Poland has seen the formation of artistic areas before, just none quite like this. Warsaw’s Praga, with its angry sense of isolation, gave it a go before seemingly losing its enthusiasm. Kazimierz in Kraków also promised much before deciding it’d be easier to whore itself out as a dollar-driven gimmick.
Nadodrze, by comparison, is the real deal. Enticed by subsidized cut-price rents (at one stage, as low as zł. 4 per sq/m) and a local government-led regeneration scheme, it’s become a hub for galleries, NGOs, design studios and other creative practices. In the process, a decaying part of town has been granted a new lease of life.
The transformation is by no means anywhere near complete: there is, after all, no magic wand for decades of neglect. Past sooty walls studded with scars leftover from the Red Army’s siege in 1945, old men shuffle by with tins of lager bulging from their pockets; signs of Nadodrze’s history of deprivation are never far from sight.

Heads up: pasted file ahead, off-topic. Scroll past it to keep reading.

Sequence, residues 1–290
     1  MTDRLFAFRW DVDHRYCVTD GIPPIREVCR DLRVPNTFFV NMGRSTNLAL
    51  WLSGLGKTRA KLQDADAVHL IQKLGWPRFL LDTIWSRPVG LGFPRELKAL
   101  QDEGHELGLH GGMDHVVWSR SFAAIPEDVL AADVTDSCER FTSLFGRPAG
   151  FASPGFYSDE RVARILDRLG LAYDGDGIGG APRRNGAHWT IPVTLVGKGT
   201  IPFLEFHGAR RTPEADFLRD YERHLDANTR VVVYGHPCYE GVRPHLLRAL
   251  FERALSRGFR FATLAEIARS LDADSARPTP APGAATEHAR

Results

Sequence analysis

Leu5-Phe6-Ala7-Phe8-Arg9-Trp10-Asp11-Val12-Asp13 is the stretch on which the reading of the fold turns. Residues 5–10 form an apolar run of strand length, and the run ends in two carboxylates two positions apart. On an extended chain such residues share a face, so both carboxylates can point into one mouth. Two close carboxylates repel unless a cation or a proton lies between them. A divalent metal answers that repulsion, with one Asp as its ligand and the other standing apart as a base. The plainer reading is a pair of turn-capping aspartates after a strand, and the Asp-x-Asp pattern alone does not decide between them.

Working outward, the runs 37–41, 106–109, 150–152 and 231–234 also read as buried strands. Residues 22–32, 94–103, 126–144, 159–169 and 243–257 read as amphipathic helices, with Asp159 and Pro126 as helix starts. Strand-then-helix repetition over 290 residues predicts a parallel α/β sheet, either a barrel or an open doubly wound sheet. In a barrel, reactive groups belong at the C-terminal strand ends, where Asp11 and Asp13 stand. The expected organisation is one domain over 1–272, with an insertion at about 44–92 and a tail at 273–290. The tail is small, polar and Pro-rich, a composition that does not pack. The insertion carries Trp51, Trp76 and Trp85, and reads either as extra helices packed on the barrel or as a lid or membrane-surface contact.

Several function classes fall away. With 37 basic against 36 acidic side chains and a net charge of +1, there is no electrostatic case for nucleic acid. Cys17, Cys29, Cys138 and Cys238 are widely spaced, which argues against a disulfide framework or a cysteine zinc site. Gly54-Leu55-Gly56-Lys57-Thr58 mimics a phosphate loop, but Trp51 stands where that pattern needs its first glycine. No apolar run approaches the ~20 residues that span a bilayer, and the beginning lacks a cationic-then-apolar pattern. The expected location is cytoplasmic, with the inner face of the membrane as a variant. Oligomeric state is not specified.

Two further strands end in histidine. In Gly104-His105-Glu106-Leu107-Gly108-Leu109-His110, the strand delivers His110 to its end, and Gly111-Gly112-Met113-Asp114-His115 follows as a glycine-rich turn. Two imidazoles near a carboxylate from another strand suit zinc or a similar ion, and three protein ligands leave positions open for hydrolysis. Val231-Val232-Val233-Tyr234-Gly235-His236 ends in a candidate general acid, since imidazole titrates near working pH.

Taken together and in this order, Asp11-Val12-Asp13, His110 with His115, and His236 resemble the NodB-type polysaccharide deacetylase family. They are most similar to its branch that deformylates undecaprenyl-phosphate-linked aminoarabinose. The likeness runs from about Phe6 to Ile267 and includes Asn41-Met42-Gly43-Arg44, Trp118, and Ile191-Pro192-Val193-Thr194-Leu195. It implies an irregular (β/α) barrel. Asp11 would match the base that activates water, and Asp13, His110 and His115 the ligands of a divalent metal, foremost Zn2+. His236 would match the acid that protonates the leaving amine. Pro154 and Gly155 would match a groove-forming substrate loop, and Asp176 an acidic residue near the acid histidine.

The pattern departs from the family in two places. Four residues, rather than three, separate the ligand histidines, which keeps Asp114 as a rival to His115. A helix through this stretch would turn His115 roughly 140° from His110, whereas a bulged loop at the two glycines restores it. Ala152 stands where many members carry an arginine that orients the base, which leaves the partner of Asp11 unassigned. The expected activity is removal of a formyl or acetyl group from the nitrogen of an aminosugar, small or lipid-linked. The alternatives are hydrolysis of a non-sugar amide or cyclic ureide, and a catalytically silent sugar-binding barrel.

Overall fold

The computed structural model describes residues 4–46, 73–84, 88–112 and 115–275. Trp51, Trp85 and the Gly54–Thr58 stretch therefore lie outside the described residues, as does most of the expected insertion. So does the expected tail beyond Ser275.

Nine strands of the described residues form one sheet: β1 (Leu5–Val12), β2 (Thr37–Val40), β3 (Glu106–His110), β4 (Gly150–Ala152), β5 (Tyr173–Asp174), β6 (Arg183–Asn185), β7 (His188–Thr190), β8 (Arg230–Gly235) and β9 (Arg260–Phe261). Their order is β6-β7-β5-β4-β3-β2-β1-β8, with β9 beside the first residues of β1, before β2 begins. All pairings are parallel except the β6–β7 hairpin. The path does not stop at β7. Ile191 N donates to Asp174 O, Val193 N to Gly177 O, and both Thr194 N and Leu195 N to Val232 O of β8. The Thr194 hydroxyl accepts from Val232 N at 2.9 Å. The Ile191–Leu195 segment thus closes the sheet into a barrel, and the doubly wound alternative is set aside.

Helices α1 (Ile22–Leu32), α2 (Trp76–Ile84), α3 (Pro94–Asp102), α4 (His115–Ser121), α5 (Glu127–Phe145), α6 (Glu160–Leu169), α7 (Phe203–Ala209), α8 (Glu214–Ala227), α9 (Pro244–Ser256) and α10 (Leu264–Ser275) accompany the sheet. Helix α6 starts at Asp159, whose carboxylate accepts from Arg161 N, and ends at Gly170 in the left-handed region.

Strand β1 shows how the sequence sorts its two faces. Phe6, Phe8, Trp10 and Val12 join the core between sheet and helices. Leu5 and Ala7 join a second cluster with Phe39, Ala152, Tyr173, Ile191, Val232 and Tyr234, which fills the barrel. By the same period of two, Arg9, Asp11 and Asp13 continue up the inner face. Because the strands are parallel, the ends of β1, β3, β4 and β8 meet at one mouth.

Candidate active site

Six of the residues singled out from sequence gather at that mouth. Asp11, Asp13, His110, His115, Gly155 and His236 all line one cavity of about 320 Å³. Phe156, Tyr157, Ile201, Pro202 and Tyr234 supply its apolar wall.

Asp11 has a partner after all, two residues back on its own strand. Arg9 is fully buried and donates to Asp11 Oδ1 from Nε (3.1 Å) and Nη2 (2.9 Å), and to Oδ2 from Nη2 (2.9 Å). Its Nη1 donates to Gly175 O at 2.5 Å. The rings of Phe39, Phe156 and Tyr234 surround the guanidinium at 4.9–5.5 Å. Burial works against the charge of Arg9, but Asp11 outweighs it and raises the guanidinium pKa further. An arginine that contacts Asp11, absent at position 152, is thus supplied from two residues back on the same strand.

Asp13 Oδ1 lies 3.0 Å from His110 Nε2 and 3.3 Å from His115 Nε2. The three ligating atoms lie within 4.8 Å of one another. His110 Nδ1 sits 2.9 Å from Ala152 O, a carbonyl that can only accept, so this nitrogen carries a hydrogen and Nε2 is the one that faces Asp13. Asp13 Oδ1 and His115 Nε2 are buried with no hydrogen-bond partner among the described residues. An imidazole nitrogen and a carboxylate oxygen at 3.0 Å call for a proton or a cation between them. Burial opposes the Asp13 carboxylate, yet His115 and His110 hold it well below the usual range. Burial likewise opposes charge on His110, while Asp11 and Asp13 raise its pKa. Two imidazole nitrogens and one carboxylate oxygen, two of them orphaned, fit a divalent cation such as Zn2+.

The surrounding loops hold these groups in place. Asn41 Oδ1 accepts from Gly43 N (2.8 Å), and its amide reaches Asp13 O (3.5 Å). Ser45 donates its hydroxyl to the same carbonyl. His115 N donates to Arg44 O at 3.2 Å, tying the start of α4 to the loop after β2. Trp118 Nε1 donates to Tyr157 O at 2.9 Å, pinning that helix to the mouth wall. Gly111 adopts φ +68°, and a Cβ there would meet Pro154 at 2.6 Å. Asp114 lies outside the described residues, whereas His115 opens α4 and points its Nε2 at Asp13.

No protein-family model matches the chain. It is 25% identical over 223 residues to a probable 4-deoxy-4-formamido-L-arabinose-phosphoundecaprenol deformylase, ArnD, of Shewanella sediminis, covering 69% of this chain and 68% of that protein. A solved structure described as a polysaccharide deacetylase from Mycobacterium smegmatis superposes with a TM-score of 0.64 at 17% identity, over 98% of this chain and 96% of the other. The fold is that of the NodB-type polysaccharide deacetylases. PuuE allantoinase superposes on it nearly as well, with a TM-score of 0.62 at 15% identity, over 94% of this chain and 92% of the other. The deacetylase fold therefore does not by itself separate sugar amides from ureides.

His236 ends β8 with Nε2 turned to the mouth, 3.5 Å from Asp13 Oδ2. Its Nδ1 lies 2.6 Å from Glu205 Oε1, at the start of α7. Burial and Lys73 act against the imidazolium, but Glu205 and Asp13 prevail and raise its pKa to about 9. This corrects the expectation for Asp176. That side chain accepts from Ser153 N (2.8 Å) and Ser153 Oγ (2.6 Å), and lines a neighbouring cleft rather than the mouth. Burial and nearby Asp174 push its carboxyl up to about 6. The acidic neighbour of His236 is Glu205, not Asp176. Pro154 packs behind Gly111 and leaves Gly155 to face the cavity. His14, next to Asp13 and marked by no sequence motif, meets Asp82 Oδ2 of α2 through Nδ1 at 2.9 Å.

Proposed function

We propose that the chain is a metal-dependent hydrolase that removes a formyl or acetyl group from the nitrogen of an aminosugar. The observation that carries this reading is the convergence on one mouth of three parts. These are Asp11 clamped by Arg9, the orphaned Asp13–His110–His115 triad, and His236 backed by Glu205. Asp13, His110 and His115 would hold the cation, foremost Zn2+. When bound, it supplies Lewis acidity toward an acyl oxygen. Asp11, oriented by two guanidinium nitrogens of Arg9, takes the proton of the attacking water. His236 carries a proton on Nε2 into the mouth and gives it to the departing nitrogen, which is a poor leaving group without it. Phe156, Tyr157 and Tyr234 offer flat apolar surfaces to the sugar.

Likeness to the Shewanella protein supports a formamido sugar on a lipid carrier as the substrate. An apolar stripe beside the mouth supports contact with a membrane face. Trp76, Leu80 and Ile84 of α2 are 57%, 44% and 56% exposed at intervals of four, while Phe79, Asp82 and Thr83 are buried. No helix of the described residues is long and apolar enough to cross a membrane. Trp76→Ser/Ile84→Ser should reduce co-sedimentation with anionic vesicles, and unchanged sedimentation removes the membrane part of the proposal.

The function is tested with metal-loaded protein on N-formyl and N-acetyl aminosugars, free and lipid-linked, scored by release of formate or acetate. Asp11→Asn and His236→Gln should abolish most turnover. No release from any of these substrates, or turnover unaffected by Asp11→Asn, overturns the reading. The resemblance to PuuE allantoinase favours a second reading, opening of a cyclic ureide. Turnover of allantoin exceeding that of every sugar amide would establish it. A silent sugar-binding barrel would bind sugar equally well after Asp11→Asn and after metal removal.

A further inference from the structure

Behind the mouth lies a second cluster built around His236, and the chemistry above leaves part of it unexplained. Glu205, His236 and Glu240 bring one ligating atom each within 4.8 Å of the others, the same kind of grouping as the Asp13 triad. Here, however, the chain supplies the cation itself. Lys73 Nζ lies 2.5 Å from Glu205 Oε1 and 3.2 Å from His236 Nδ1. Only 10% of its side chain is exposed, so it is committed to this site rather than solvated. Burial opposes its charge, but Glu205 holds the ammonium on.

This remains a working class area, and proudly so, the difference being it’s one that welcomes outsiders – or at the least tolerates them. The arrival of our guide for the day is a case in point. An English voiceover artist by profession, our contact appears on an electric scooter with a wolverine creature cantering by his side. From his pair of portable speakers the works of Vivaldi carry for miles. The locals, to their credit, don’t bat an eyelid.
But our chaperon also has his uses. Under his direction we are ushered around the various murals of Nadodrze, the best of which are found in the courtyards of ul. Roosvelta; next, the CRK squat, a self-confessed ‘asylum for alternative actions’; and then, Krzywy Komin, a contemporary gallery open around-the-clock.